Moms on Hearing Mission Make Legislators Listen
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Moms on Hearing Mission Make Legislators Listen

Years-long fight by Sara Kogon and Kelly Jenkins helps win hearing aids for Georgia children who need them.

Kevin C. Madigan

Kevin Madigan is a senior reporter for the Atlanta Jewish Times.

Gov. Nathan Deal makes a friend at the signing ceremony for the Hearing Aid Coverage for Children Act on May 8.
Gov. Nathan Deal makes a friend at the signing ceremony for the Hearing Aid Coverage for Children Act on May 8.

Georgia Gov. Nathan Deal signed legislation Monday, May 8, requiring insurance companies to cover hearing aids for children after a long, difficult effort by two mothers to make such health insurance coverage standard.

Sara Kogon and Kelly Jenkins, both of whom have hearing-impaired children, struggled for more than six years to enact a law to help kids like theirs.

Kogon’s son Gerald, now 7, failed three newborn hearing screenings at Northside Hospital and was diagnosed with mild to moderate hearing loss.

“We never had it in our family. It was very traumatic for all of us. You take a lot for granted, I think, when having babies,” Kogon told the AJT.

Jack McConnell (left), an Atlanta teenager who was diagnosed as a newborn with hearing loss and has worked for much of his life to get hearing aids to more children, joins Kelly Jenkins and daughter Sloane, Sara Kogon and son Gerald, state Rep. Penny Houston, and state Sen. P.K. Martin to celebrate the signing of S.B. 206 on May 8.

“I called the insurance company, but they told me hearing aids weren’t covered because they were considered a cosmetic device,” the Jewish community member said. The company told her it would be better if she allowed Gerald to go completely deaf because then he could get cochlear implants, which would be covered.

“Are you kidding me? I thought that was absolutely ridiculous,” Kogon said. “If you do not stimulate the nerve for hearing, eventually they go deaf. A cochlear implant is what you give a child when they are totally deaf. You’ve destroyed the nerve through lack of stimulation, so they do brain surgery. They said, ‘Sorry, that’s the best we can do.’ ”

Jenkins, mother of Sloane, also 7, was equally infuriated with the system, Kogon said. The two met at the Atlanta Speech School, which their children attended; the women became friends and decided to fight back.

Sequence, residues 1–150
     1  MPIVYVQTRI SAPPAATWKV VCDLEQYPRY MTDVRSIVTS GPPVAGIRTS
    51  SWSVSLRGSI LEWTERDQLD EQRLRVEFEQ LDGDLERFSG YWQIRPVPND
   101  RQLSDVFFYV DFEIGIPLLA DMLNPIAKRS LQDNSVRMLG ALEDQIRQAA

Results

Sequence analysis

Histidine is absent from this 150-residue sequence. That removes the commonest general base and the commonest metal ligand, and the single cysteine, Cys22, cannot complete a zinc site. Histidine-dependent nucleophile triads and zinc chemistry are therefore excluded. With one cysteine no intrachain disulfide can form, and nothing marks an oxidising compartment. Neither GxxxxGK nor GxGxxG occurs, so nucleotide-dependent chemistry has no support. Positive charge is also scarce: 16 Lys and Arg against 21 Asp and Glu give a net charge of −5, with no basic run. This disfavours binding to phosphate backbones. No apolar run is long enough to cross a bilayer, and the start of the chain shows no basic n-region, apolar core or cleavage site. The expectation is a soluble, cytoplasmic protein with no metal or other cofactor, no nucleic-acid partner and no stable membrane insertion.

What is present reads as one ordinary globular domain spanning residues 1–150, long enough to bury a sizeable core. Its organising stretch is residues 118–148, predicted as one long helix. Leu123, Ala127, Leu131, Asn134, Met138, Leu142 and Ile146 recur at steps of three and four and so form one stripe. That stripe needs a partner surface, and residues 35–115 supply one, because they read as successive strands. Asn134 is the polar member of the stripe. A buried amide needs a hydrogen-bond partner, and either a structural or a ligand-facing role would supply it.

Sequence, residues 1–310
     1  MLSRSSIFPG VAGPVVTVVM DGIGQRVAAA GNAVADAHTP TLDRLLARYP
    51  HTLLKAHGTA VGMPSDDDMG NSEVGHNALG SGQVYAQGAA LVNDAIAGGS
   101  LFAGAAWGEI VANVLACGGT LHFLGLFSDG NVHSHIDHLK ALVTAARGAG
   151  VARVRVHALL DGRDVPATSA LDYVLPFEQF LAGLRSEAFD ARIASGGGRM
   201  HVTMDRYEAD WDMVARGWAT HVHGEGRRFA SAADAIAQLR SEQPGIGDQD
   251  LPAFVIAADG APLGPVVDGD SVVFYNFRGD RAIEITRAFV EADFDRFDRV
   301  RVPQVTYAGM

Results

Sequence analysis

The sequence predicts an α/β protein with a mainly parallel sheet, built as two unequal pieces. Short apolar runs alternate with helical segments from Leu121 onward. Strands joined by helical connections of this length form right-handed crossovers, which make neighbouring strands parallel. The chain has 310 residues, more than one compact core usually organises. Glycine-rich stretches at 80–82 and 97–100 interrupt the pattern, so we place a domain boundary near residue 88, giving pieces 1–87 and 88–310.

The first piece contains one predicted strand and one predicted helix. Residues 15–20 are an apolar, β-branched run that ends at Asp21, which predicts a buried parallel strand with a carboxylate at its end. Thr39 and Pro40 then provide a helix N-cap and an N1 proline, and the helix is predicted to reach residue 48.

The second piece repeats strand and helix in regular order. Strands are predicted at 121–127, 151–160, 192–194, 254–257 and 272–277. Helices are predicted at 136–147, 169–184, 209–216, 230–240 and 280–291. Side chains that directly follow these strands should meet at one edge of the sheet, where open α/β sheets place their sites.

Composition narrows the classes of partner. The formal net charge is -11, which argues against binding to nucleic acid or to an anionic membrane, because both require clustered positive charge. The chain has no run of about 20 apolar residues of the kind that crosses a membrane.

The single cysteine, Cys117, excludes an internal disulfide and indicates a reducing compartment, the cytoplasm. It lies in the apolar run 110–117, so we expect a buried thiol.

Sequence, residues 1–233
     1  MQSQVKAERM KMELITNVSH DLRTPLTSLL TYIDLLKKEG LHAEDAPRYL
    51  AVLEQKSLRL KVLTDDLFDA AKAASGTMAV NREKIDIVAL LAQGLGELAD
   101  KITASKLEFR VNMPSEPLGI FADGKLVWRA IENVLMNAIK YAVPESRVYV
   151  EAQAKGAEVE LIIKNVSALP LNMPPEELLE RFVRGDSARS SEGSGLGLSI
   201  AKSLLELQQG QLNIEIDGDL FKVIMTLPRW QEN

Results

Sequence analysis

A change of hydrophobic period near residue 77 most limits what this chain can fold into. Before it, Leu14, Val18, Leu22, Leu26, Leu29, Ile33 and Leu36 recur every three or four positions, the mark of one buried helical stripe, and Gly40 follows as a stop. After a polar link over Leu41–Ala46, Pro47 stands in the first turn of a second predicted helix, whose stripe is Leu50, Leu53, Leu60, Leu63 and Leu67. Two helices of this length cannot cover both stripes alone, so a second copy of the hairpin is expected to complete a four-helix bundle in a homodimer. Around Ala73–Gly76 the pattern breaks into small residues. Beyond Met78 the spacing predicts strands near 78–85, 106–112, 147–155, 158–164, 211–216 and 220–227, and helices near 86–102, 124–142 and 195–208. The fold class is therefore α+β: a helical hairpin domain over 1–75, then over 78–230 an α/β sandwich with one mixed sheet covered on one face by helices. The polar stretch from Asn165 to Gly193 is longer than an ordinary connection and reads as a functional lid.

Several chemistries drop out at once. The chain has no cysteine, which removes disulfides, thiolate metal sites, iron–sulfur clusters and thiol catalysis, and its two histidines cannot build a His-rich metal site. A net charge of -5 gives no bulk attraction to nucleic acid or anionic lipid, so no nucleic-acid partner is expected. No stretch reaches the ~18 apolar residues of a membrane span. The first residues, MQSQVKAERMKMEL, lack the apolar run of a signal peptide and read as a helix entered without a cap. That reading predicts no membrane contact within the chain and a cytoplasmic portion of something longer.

“We bonded immediately. We joined forces and said, ‘We’re going to fix this,’ ” Kogon said. “The whole goal was to get insurance companies to cover the hearing needs of children.”

Hearing aids typically cost $6,000 and must be replaced every three to five years. “We were so lucky to be able to provide that for Gerald,” Kogon said, but most parents can’t afford it. “This has to change. We want everyone to have that.”

Kogon and Jenkins created Let Georgia Hear, a resource center for parents that other states now use as a model, and they began pressuring legislators at the local and state levels for changes in the law, all while being full-time mothers to their other kids as well.

“We started going to the Capitol, to sessions, making inroads, friends,” Kogon said. “We had no idea. We were just two moms. We were like lobbyists, but not paid, obviously.”

At the signing ceremony, Gov. Nathan Deal is surrounded by leading S.B. 206 advocates Sloane and Kelly Jenkins, Sen. P.K. Martin, Jack McConnell, Sara and Gerald Kogon, and Rep. Penny Houston, among many other happy families.

With help from Sen. P.K. Martin (R-Lawrenceville) and Rep. Penny Houston (R-Nashville), Senate Bill 206, known as Jack’s Law after Atlanta teenager Jack McConnell, this year passed the House on a vote of 155-5 and cleared the Senate on a vote of 57-6.

The Hearing Aid Coverage for Children Act will take effect Jan. 1, 2018.

Their work is not done, however, Kogon said. “It takes more than a hearing aid to teach a child how to speak. Is it a traveling audiology booth, a networking system for parents on training, resources for listening and spoken language? We are looking at ways to bring these services to rural counties.”

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